1. Friday night (or morning, depending on room temperature) - feed starter with 2 oz each of water and AP flour. I use 8-hour two builds if possible, to get 8 oz of 100% hydration starter.

2. Saturday am - When the starter is ripe (bubble with fruity smell), add 12 oz flour and 8 oz water. Including 4 oz each of flour and water in the starter, this amounts to 16 oz flour and 12 oz water (75% hydration dough). We're flexible with the 12 oz of flour. Of the two loaves below, the top loaf was made with 5, 4 and 3 oz of whole wheat, white whole wheat and AP flour. The bottom loaf was made with 7 and 5 of whole wheat and white whole wheat flour respectively.

Notes: I store our flours in the freezer. I use the formula for desired dough temperature (DDT) to calculate water temperature.

3. Mix flour, water, 2 teaspoons gluten and starter - autolyse 30 minutes.

Note: I also added 1 tablespoon flax seeds to the bottom loaf.

4. Knead by hand for 10 minutes, till windowpane.

5. Rest, add salt and knead gently.

6. First rise for about 3 hours or till dough doubles. We did three stretch and folds for the top loaf. Went and got brunch while the bottom loaf was rising!

7. Deflate and roll real tight (such a lovely americanism) tp shape into sandwich loaf. Place in a greased 9 x 5 pan.A slightly smaller pan will give you a higher loaf. I don't worry too much about this.

8. Final proof for 3 hours or until it crests above the loaf pan. Note: We've also done overnight retards with good results.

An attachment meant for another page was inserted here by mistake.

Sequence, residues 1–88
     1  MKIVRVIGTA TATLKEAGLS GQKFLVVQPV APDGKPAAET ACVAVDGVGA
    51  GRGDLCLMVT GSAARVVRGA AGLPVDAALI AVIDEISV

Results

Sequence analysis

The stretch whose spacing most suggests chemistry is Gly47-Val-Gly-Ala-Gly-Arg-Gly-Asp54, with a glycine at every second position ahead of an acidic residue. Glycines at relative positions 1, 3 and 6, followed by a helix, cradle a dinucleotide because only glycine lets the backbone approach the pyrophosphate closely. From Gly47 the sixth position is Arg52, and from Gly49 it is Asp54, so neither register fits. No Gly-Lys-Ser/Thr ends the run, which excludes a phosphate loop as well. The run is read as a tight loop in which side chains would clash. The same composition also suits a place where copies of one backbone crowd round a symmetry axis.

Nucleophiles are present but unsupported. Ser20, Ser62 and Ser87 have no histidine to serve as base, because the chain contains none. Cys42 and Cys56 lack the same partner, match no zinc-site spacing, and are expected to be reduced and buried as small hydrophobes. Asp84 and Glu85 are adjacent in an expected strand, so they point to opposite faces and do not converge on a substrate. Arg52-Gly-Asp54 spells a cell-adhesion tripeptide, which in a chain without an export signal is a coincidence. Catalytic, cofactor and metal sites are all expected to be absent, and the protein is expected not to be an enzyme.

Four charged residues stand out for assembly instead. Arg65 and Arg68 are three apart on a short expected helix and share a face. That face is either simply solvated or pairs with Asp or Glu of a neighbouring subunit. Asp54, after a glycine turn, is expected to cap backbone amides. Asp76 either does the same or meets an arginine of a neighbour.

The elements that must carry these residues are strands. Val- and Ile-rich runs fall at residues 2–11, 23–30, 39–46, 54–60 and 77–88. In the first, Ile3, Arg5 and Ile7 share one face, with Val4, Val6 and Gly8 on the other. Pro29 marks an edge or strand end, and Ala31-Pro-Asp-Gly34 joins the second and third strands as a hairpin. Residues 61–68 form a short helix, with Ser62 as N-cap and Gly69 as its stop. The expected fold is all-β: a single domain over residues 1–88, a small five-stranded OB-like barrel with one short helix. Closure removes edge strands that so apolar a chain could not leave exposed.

9. Bake at 375 for 40 minutes. Internal temperature should read around 200 degrees F when done, the loaf should sound hollow.

Cool for an hour and slice. 



Taste and appearance: We have grown quite fond of this formula. The loaves have no butter / oil at all, and made for a perfect morning toast / sandwich bread. Sometimes, I will add a half cup of mashed potato or buttermilk, which tenderizes the loaf. These loaves showcase whole wheat - so if you enjoy whole wheat, this is a good recipe to try. IMHO, the critical steps were: 1) Working out 16:12 flour to water is a good size loaf for us, that resulted in the right crumb texture, 2) Knead till windowpane to coax gluten development in whole wheat, 3) I have to be flexible about rise times. Gotta run one's day by the dough's schedule and not vice-versa. If I add a teaspoon or less of yeast, I can cut down rising time to about 90-120 minutes. The best loaves we've made usually take 3-5 hours. I'm sure this will change as we apprach warmer weather.

Feel free to share your thoughts! All feedback welcome!



koloatree's picture

Greeting TFL,

Just logging another attempt at baguettes w/ pizza for the lost finale. These baguettes are underproofed because I was simply in a hurry to bake off the pizzas before 9pm. I followed the poolish baguette version from "Bread". I baked 2 baguettes at a time. I shaped the last bagutte (left)pair ~30 minutes before the first 2 baguettes were sceduled to finish baking.



I made this pizza dough this morning. Typically, I like to use poolish and/or retard overnight. I belive that gives the bread a nice golden caramel color. However, tasty nonetheless.